A major challenge to cooking from the days of yore is the dearth of details for cooking time, temperatures and ingredient quantities. Recipes may call for “a good store of onions” or instruct the cook to “lett it stand a great while.” Fowler did not specify how much winter savory for the fricassee, and Longe did not note how much sugar or rose water for the fool. One of the best professional cookbooks of the 17th century was Robert May’s The Accomplisht Cook, published in 1660. Drawing on his training in Paris and his career as a professional cook for English aristocrats, he often specifies quantities and cooking times, but that was not the case for many household recipe books. Technological limitations contributed to the vagueness of early recipes, says Francine Segan, food historian and author of Shakespeare’s Kitchen. The invention and availability of such devices as kitchen clocks and oven thermometers, as well as uniform measurements in the 1800s combined with a trend to make cooking more scientific, shifted the focus of recipes from personal taste and innovation to consistent, replicable results.
Segan’s personal view, however, is that’s today’s cooks are over-regimented. “A quarter of a teaspoon? Ludicrous!” she exclaims. “You have to be a cook and trust your palate.”
So I left my measuring spoons and cups in the cupboard and went on instinct.
The gooseberry fool was surprisingly easy. For color, I opted for ripe, red gooseberries instead of the pale green that Longe used. Per her instructions I scooped “two handfuls” in a bowl and used a spoon to “breake them very small.” With no guidelines for the amounts of sugar and rose water, I added what by my eye was about a half cup of sugar and several sprinkles of rose water. After the quart of cream had come to a “boyle,” I added a dash of nutmeg and folded in the gooseberry mixture. The fragrant rose water mingled with the aromatic spiced cream brought to mind a passage from Shakespeare’s A Midsummer Night’s Dream in which Titania, the fairy queen, is lulled to sleep in a forest of thyme and wild roses. “With sweet musk-roses and eglantine / There sleeps Titania.”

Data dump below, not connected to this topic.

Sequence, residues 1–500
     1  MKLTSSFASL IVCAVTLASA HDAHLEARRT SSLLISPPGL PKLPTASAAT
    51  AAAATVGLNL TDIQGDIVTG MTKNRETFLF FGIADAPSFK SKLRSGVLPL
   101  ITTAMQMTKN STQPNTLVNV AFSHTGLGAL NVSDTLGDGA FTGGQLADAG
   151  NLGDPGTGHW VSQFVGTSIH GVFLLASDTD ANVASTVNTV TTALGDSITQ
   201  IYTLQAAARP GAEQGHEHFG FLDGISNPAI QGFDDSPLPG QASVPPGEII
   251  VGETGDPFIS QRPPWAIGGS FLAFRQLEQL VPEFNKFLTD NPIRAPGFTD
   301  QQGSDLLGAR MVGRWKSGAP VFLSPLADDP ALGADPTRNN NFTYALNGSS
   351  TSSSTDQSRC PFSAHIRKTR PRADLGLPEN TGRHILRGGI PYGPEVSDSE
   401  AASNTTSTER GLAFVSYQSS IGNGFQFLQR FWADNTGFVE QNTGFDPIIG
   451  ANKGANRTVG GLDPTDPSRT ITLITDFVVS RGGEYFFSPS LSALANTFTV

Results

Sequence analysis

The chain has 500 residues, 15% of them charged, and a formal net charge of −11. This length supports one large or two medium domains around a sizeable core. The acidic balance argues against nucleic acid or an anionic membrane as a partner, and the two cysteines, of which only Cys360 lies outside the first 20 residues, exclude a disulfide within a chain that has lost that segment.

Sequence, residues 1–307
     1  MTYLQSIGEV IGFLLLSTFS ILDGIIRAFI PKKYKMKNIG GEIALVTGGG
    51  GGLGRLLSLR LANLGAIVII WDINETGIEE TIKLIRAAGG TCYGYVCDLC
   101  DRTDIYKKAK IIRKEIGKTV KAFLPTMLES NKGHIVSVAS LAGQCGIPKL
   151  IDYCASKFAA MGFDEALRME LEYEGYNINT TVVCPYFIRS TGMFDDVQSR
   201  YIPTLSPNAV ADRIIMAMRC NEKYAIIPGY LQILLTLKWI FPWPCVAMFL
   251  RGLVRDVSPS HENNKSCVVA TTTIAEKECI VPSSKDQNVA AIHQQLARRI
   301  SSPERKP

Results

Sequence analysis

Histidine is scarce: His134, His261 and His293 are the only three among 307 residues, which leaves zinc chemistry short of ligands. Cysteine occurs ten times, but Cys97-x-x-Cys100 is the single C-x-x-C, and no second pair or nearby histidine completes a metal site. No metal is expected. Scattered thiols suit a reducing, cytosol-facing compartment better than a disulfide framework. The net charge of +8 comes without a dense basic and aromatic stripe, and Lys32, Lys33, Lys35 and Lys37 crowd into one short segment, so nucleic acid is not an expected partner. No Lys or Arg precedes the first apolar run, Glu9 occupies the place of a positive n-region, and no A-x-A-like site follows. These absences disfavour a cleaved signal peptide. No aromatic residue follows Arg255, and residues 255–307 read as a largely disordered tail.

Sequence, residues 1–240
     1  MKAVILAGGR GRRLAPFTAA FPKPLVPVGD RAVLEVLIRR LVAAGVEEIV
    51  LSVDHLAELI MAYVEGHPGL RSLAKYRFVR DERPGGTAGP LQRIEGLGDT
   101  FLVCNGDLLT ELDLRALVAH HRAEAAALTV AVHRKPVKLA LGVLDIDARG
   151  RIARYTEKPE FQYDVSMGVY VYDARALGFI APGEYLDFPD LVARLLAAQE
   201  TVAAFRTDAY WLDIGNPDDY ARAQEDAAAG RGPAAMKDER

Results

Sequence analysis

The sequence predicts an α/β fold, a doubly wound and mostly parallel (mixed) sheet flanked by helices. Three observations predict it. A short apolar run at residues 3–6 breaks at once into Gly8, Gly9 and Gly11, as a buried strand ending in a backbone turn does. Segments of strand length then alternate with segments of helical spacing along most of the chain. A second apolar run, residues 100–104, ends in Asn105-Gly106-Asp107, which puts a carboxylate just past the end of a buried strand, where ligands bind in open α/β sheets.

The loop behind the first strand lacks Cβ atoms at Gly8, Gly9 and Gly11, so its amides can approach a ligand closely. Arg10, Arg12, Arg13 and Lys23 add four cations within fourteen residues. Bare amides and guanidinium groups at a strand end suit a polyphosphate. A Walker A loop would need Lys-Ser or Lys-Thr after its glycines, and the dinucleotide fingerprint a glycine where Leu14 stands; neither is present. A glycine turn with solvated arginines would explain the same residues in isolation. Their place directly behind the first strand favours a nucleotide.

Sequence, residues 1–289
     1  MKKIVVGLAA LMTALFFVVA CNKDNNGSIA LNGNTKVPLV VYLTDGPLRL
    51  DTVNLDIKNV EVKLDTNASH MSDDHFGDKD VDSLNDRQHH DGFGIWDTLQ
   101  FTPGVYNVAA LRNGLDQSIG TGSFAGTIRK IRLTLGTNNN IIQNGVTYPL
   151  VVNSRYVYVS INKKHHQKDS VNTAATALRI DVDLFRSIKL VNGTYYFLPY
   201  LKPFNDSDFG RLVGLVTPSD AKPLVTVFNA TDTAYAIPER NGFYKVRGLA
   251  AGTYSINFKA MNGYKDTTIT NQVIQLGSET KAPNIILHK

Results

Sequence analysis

“Lett it stand till it bee cold,” Longe’s book instructed. I put the fool in the refrigerator, but during her day she might have chilled it in a root cellar or a purpose-built icehouse if she were lucky enough to afford one.
For the fricassee, I browned the pieces of rabbit in butter in a large skillet. I removed the meat, sautéed the chopped onions, parsley and thyme (a substitute for Fowler’s winter savory) and returned the rabbit to the pan and let it simmer about 20 minutes. I served the fricassee with peas and mashed potatoes. The common combination of herbs, onions and butter created a stew both savory and familiar, and the rabbit reminded me of chicken, but more flavorful and tender. My dinner guests ate with gusto, using the pan juices as gravy for the potatoes. Was this comfort food circa 1684?
As a finale, the fool was not quite as successful. Though delicately spiced, the mixture never fully solidified, leaving it a gloppy texture. Perhaps I didn’t boil the cream long enough. “A surprise to the palate,” said one guest puckering at the unfamiliar gooseberries. In my recipe makeover for the fool, I recommend raspberries, which have a delicate balance of sweet and tartness. Because we’re blessed with electrical appliances, I converted the fool recipe to a fast no-cook version. Over the centuries chicken became a popular fricassee meat and it will substitute well for the rabbit, which was common fare for our 17th-century ancestors. Fowler’s recipe called for a half pound of butter, but I used considerably less to spare our arteries.
As I offer these changes, I feel as if I’m scribbling a few notes in Sarah Longe’s and Elizabeth Fowler’s recipe books. Somehow, I don’t think they’d mind at all.